. EXAMPLE I A xerographic plate is constructed by arranging a 50 micron thick layer of amorphous selenium on a 50 mil thick aluminum sheet by vacuum evaporation and coating the exposed selenium layer surface with a 12.5 micron thick film of poly-N-vinyl carbazole by solvent coating techniques using toluene. The poly-N-vinyl carbazole film and the selenium layer have a 1:2 relationship in electrical thickness. The plate is charged positively to a potential of 1,000 volts by A.C. corona charging in the absence of illumination and then exposed to actinic light from a CRT, in the range of 450-500 nm, in a pattern corresponding to an original negative image of a form on which information is to be 8 reproduced thus discharging the illuminated or exposed areas of the plate surface to a potential of about 350 volts with negligible discharge in the background or non-image areas. The plate is again charged positively to a uniform surface potential of 1,000 volts by A.C. corona discharge in the absence of illumination. Subsequently the plate is exposed to a camera projection of an original positive opaque image of informa tion which is to be reproduced on the form, illuminated by a fluorescent lamp. The positive image is positioned 'in a manner such as to be in registration with the original negative image to which the plate has been previously exposed. Two latent electrostatic images are formed on the plate, that corresponding to the original negative image and the other corresponding to the original positive image having potentials of approximately 222 volts and 667 volts above the background areas respectively. The latent electrostatic images are then developed by cascading an electroscopic marking material having a negative charge of polarity across the plate surface thereby resulting in the formation of visible powder images which are transferred to a paper sheet and fixed thereto thus providing a good quality reproduction of the original images with a clean background.

EXAMPLE I! The procedure described in Example I is employed with respect to a xerographic plate constructed with a 12.5 micron thick layer of 5 percent mixture of metalfree phthalocyanine (Commercially available under the tradename Monolite Fast Blue from Holland Suco Co., Holland, Mich.) in vinyl acetate, vinyl chloride (commercially available under the tradename VYNS from Union Carbide Co.) arranged on a 50 ml thick backing sheet of aluminum and overcoated with a 38 micron thick film of Mylar. The Mylar is bonded to the photoconductive binder plate by heating to a temperature at which it is soft (about 250C) and rolling the softened material under pressure over the plate. The Mylar film has a 4:1 electrical thickness relationship with the phthalocyanine layer.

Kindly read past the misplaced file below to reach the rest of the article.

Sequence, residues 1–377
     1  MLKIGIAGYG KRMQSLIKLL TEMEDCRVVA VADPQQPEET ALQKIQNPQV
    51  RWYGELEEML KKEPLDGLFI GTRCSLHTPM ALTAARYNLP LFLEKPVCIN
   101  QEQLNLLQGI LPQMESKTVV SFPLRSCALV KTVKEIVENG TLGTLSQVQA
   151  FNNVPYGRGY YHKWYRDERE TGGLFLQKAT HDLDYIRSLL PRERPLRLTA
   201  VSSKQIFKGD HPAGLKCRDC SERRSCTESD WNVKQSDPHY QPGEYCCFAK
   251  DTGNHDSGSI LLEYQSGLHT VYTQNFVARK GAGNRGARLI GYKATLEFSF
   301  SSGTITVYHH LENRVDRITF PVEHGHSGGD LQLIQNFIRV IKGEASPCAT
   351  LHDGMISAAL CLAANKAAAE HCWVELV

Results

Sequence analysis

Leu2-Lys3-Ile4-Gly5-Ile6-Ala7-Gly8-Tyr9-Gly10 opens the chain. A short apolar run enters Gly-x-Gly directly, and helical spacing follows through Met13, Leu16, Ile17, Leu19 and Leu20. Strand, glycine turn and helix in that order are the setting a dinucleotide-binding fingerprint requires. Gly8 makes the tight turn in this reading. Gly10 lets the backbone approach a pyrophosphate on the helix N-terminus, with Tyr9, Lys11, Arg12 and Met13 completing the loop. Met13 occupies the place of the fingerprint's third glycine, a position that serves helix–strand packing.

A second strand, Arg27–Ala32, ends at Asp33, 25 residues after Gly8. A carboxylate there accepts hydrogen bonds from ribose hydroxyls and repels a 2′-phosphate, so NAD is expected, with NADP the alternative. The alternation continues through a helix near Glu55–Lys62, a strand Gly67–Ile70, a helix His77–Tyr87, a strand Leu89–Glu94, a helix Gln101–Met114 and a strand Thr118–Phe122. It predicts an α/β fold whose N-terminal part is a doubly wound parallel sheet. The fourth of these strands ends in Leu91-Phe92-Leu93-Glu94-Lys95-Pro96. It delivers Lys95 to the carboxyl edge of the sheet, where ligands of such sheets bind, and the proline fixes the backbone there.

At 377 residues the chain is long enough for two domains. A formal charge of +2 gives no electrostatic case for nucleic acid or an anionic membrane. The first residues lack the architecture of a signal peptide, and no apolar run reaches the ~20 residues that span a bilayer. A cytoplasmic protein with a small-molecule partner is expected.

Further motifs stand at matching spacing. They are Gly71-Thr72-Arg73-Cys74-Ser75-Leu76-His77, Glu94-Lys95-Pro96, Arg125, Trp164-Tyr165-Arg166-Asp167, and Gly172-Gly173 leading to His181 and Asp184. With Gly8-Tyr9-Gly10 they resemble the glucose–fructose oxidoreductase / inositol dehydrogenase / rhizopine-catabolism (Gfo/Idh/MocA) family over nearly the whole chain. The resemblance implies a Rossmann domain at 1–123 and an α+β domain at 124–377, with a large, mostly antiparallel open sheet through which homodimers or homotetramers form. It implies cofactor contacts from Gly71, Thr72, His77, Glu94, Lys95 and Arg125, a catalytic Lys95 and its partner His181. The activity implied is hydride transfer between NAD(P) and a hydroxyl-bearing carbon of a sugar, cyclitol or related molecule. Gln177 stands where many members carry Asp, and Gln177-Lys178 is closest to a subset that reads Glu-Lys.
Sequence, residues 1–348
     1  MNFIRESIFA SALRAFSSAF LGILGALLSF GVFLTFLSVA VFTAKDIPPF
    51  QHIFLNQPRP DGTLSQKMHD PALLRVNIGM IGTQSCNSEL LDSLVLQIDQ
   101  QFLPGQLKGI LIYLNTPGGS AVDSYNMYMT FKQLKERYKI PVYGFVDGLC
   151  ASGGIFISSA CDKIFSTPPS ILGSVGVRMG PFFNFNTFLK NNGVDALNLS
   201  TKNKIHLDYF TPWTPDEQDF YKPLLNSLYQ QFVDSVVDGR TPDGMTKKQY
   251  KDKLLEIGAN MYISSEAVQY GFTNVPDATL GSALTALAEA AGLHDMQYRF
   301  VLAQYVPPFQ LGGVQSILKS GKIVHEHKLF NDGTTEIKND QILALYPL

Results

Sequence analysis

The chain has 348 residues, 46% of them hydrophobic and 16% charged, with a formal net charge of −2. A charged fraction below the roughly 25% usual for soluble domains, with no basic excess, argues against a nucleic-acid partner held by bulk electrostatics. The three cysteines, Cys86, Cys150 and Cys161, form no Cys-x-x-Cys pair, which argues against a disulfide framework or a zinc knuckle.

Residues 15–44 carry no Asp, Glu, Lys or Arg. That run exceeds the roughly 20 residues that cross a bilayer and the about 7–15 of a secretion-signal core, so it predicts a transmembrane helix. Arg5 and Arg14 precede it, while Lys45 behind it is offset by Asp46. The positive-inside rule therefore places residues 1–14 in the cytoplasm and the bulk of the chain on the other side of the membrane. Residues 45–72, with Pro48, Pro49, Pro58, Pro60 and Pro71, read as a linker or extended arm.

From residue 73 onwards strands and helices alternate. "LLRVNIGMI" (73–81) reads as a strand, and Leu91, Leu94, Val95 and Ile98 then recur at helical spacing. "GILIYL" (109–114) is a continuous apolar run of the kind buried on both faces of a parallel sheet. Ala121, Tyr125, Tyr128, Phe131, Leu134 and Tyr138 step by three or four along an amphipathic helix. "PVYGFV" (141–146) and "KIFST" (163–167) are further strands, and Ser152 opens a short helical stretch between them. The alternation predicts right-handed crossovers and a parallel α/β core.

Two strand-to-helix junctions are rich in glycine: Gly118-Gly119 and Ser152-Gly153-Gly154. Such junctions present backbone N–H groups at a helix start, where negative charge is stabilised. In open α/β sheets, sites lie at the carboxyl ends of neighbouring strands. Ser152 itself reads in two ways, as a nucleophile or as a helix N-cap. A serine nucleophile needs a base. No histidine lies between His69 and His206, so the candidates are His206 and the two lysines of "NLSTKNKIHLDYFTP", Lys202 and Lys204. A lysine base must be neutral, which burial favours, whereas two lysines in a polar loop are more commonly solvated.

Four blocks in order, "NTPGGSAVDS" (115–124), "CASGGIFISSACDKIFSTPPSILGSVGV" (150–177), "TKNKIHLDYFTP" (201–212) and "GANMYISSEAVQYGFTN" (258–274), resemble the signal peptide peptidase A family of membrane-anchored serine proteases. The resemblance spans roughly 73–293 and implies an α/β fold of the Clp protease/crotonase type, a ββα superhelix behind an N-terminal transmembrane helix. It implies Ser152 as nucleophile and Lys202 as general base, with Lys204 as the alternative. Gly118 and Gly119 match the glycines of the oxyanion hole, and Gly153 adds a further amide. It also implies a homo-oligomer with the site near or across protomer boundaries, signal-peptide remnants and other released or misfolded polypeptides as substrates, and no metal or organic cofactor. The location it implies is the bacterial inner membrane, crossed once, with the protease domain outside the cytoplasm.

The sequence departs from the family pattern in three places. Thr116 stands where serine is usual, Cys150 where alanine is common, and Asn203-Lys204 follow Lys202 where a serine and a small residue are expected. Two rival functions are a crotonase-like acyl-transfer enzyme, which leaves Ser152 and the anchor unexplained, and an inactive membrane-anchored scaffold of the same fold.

A negative microfilm transparency is first projected on the plate employing incandescent tungsten illumination. The second exposure is to an impact-printed black on white subject using incandescent illumination. Two latent electrostatic images are formed on the plate, that corresponding to the original negative image and the other corresponding to the original positive image having potentials of about volts and 800 volts above' the background areas respectively. A good quality reproduction with clean background is formed.

EXAMPLE llI The procedure followed in Example I is again followed with the exception that two original negative images are projected on the plate during the first exposure step. Initially the plate is exposed to actinic light from a CRT display followed by exposure to a negative microfilm transparency. A copy of comparable quality as that made in Example I is obtained.

EXAMPLE IV The procedure of Example I is followed with respect to a xerographic plate constructed by arranging a 30 micron thick layer of 30 percent mixture of cadmium sulfoselenide (CdSSe) (commercially available under the tradename 1020 Red Pigment from General Color Company, Ft. Wayne, Ind.) in a glass binder (identified as Harshaw Commercial Frit, Sample N862 available from Harshaw Chemical Company, Cleveland, Ohio) on a 50 mil thick stainless steel backing plate and coating the exposed surface of a CdSSe layer with a 30 micron thick film of polystyrene. The polystyrene film and CdSSe layer have about a 1:1 relationship in electrical thickness. Negative corona charging is used in this example.

The illumination of the plate is carried out in the same manner described in Example 11. Two latent electrostatic images are formed on the plate, that corre sponding to the original negative image and the other corresponding to the original positive image having potentials of approximately 250 volts negative and 500 volts negative above the background areas respectively. A goodquality reproduction with clean background is obtained.